Marinwood / Lucas Valley

Picture this: it’s 1955, you’re a wife and mother with three kids, all under age seven, living in a brand new three-bedroom, two-story tract home purchased for $16,500. Your husband is a San Francisco stockbroker. San Rafael is six miles to the south, Novato four miles north. During the day, with just you and the kids and a few similar neighbors nearby, it’s lonely, a bit scary. There are no stores, not even a firehouse.

More than 50 years ago, that was the Marinwood subdivision. PG&E had installed streetlights and, occasionally, the county sent out crews to trim the median landscaping. That was it. Then, in the late 1950s, in a nod to communities distant from significant cities, the state legislature created Community Services Districts. And Marinwood’s isolated residents jumped at the chance to create a community. By the early 1960s, with the ability to issue bonds, Marinwood was building a fire station, a community center; even buying open space. 

Today, Marinwood is still building community. “We’re not at all like a city,” says District Manager Thomas Horne. “Marinwood is strictly a suburban community. We have only limited commercial and absolutely no industrial properties.” Marinwood provides fire protection, runs numerous recreational programs and supervises some 700 acres of parks and open space. To find Marinwood, take Lucas Valley Road off Highway 101 and head west. All the homes on your right represent the community of Marinwood/Lucas Valley. (The area containing over 400 deed-restricted Eichler homes, known as Upper Lucas Valley, is not part of the official Marinwood Community Services District.) In all, says Horne, the Marinwood/Lucas Valley community encompasses more than 6,000 people living on 1,900 acres and is bordered to the north by 700 acres of open space. “It’s pretty idyllic,” Horne says. “We have wide streets, pathways between neighborhoods, trees that change with the season, four school sites, and quick yet unobtrusive access to the freeway.”

But, says 32-year resident Frank Nelson, something is still missing. “We have the outstanding Dixie School District and a fine recreational program,” he allows. “What we lack, however, is a place to gather, a place where the community comes together.” And this is where the community-building is still going on: Nelson, a retired Marin County prosecutor, now chairs the Marinwood Village Task Force, a group of ten residents who’ve been meeting for two years to devise a plan to reconfigure a five-acre commercial property into a complex of retail and service shops and more than 90 residential units, half of which would be affordable housing.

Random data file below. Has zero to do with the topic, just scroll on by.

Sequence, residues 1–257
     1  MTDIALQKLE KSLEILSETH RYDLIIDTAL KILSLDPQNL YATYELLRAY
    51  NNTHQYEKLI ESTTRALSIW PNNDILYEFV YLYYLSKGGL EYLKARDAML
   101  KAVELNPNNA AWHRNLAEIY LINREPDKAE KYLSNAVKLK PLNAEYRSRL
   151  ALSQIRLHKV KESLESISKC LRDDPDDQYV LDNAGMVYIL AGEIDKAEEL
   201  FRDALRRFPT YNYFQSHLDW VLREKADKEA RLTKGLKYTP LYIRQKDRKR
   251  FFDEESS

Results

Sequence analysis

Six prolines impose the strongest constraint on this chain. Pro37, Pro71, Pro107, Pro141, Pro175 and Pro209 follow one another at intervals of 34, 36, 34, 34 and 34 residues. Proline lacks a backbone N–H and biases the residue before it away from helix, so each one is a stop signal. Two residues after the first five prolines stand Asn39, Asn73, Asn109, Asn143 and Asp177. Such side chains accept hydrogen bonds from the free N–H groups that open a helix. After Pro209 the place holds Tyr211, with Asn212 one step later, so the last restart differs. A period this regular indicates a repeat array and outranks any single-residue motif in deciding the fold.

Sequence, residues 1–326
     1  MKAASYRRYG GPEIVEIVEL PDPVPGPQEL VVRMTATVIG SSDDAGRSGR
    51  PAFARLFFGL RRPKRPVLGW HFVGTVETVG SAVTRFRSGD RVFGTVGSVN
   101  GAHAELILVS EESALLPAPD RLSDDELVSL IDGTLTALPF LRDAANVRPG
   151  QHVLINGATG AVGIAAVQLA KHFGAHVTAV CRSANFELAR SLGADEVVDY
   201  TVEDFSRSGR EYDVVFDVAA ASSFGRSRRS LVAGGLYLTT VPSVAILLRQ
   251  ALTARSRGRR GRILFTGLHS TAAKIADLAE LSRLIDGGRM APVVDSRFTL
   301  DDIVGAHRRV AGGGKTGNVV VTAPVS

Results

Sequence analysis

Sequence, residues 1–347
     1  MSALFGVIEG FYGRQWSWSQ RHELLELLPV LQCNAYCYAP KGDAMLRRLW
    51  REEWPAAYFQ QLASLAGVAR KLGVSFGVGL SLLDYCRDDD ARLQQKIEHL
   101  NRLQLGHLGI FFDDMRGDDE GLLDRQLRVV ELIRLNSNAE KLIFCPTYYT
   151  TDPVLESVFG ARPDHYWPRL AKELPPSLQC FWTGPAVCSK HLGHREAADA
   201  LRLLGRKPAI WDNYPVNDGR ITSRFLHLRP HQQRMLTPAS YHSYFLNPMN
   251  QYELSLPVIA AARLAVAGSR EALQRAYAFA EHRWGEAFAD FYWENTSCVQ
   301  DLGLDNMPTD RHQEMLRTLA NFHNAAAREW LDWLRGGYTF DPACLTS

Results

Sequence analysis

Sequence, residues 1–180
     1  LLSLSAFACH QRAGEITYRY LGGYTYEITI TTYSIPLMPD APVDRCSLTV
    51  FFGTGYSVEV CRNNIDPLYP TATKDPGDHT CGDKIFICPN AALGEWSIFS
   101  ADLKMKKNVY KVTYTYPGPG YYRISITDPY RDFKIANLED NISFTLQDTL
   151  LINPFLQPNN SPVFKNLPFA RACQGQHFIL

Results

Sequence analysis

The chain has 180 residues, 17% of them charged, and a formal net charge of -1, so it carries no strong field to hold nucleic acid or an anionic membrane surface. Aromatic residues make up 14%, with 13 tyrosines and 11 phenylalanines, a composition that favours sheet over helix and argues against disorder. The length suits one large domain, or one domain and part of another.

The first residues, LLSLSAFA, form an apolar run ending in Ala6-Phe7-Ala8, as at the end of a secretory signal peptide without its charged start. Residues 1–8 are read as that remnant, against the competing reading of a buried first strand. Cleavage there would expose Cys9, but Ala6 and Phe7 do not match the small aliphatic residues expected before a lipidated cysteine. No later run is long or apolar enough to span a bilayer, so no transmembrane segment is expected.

“In addition to a market on a plaza,” says Nelson, “we’re hoping for a friendly coffee shop, maybe a UPS store, things that cause people to come together.” In a true sense of coming together, the task force is working, interestingly enough, with Gerald Hoytt of Hoytt Enterprises in Novato. Hoytt is a familiar name in Marinwood because in the 1950s, the very same “Jerry” Hoytt was the young developer who built Marinwood’s first homes.

Back then those homes sold in the $16,000 to $18,000 range; now they go for up to 50 times that amount. “Last summer, I listed a home at $699,000, but multiple offers brought the selling price up to $775,000,” says realty agent Wayka Bartolacelli, who advertises her- self as “the Marinwood Specialist.” Bartolacelli says a typical updated 1,600-square-foot Marinwood home on a 7,500-square-foot lot sells in the low $800,000s, with the high end of that market reaching almost $1 million.

Homes appear to notably exceed that price point in the deed-restricted Eichler Homes in the community of Upper Lucas Valley. “A fabulous, totally rebuilt Eichler is coming on the market,” remarks realtor Catherine Munson with Lucas Valley Properties, “at $1,340,000.” According to Munson, who has lived in an Eichler home since it was built in 1966, properties regularly sell in the million-dollar range and almost never does a fixer-upper come on the market among the 435 Eichlers, built between 1963 and 1967. “The homeowners association is very active,” she explains, “in enforcing the deed restrictions that control the appearance of homes—from disallowing second-story additions to the palette of colors available when repainting.” As for entry-level prices in either Upper Lucas Valley or nearby Lucas Valley Estates, Munson says, the absolute minimum is “maybe $850,000, and then only very rarely.”

People are drawn to Marinwood/Lucas Valley for its good schools (Dixie School District) and exceptional recreation programs. “And residents like having their own firemen,” says Marinwood Community Services Director Horne. “They build community by leading the Little League’s opening day parade, driving Santa through the neighborhoods, and staging the Fourth of July Pancake Breakfast.”

The Marinwood Community Services District’s rec schedule includes youth skiing and snowboarding trips to Tahoe along with swim meets for the Marinwood Waterdevils (ages five to 18) and, for adults, Italian lessons and trips to China and the French Riviera. Community Services District residents receive reduced rates on some of these programs, which regularly attract participants from outside the district. “Our summer day camps are always a huge success,” says Shane DeMarta, assistant recreation director, “and swimming programs draw people all the way from San Francisco. Everyone wants to go where it’s warm and sunny.”



Firefighters celebrate Christmas at the popular Marinwood station.